I continue to really struggle with supporting one of my students who has intensive behavioral challenges. I have a behavior plan in place that he seems to respond to, sometimes. I am working on training my para and the other teachers on how to support this student. In addition to attempting to decrease this student's non desirable behaviors, I am working with him and the whole class to build better social skills.

As I write this though, I am optimistic. My principal finally changed the schedule so that it is more consistent. Consistency is an essential ingredient in academic learning and in reducing problematic behaviors. My principal and I have had this same conversation each year. Each year it seems as though he has completely forgotten all of the points I have made to him about this topic. When I got to him and express the need for routines and consistency in the lives of my students, I am not asking for me. I am not asking to have all my prep periods in the morning so I don't have to do any planning on my own. I am asking on the behalf of my students, who do not need more chaos and disorder when they come to school. I am optimistic that a set schedule will help my students adjust. Once they learn the routine, hopefully they will feel less anxious at school and problematic behaviors will sharply decrease.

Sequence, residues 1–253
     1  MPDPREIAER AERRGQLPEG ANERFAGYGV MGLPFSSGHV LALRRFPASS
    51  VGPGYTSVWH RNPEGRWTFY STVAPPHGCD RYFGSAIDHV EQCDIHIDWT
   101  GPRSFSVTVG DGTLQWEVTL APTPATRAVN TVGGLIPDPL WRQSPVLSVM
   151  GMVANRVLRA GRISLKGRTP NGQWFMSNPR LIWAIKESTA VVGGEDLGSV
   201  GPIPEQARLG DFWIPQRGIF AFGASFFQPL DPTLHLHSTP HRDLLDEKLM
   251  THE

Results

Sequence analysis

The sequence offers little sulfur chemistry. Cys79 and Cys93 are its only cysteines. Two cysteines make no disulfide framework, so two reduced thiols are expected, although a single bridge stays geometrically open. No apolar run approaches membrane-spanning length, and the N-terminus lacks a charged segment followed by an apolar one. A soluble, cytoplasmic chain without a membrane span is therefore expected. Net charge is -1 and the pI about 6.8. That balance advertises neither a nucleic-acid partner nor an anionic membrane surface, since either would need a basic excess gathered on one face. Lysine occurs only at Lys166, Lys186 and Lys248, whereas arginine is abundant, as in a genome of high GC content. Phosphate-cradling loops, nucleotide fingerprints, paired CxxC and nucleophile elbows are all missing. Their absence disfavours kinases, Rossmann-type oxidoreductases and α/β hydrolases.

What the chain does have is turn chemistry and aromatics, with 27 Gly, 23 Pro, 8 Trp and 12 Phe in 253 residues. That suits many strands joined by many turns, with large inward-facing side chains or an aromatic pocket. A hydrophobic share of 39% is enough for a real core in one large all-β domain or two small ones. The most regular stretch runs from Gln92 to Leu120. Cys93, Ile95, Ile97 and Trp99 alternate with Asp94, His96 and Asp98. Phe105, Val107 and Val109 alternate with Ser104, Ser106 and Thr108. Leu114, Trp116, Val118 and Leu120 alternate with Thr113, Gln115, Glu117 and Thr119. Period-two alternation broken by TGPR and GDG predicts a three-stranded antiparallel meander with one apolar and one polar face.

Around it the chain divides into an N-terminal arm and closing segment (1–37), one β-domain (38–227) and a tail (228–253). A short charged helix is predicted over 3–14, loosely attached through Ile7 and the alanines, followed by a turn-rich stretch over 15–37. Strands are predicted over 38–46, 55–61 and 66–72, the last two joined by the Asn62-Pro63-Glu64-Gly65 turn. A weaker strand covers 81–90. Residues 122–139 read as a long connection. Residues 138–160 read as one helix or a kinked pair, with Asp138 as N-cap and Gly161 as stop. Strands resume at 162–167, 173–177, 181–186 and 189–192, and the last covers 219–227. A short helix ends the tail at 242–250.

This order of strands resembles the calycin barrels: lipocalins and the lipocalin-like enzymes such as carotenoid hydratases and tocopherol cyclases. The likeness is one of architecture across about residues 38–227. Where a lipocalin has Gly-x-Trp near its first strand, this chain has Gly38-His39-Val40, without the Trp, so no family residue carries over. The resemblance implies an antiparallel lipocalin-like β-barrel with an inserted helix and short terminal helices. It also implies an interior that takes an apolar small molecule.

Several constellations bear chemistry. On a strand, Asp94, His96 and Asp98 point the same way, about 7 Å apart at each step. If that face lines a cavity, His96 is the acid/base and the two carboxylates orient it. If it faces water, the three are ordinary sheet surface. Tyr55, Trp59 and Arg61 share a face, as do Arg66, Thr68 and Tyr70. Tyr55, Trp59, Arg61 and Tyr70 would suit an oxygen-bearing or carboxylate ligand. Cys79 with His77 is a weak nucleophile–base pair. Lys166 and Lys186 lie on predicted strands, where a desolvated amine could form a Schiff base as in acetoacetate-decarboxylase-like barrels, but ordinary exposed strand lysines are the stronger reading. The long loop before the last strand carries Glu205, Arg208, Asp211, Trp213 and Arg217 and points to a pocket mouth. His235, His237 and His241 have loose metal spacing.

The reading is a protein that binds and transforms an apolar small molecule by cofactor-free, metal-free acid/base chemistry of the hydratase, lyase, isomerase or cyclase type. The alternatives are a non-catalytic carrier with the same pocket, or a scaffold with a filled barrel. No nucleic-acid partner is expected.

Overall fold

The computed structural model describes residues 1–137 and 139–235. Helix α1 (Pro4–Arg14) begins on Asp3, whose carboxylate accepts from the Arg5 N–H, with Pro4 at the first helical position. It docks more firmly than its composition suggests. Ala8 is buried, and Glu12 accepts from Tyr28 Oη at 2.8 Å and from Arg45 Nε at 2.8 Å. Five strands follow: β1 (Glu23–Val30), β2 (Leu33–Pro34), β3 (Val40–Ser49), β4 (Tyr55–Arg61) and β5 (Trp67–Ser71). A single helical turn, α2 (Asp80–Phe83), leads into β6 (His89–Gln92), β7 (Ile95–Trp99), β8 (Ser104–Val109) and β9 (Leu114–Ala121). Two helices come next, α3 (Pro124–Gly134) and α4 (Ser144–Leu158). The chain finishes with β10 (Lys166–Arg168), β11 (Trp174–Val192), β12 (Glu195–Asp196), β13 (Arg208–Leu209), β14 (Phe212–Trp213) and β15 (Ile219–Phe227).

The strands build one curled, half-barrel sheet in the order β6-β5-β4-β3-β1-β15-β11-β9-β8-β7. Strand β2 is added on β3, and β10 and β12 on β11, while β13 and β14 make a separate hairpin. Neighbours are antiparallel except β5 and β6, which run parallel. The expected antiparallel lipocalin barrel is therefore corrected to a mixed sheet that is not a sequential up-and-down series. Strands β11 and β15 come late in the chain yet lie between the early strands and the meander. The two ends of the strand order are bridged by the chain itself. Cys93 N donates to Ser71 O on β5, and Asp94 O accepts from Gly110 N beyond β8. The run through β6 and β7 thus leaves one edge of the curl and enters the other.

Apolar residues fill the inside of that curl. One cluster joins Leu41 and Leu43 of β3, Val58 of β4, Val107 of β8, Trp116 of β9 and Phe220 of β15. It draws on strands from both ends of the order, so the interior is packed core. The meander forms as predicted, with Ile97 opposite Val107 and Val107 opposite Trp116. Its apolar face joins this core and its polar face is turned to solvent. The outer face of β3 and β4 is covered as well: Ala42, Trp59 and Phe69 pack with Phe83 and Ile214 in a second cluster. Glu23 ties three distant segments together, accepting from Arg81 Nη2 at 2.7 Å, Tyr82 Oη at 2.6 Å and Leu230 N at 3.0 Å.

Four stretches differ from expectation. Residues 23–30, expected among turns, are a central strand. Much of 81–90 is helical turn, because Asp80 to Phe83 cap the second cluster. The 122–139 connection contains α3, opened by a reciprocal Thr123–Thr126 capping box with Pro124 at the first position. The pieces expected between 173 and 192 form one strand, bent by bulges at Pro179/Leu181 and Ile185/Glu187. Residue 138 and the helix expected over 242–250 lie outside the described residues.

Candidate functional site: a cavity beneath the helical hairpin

I must remind myself that it is still early in the school year. This is only my students' fourth full week of school. Things will get better.

Tuesday, September 29, 2009

From hitting to biting and sentence writing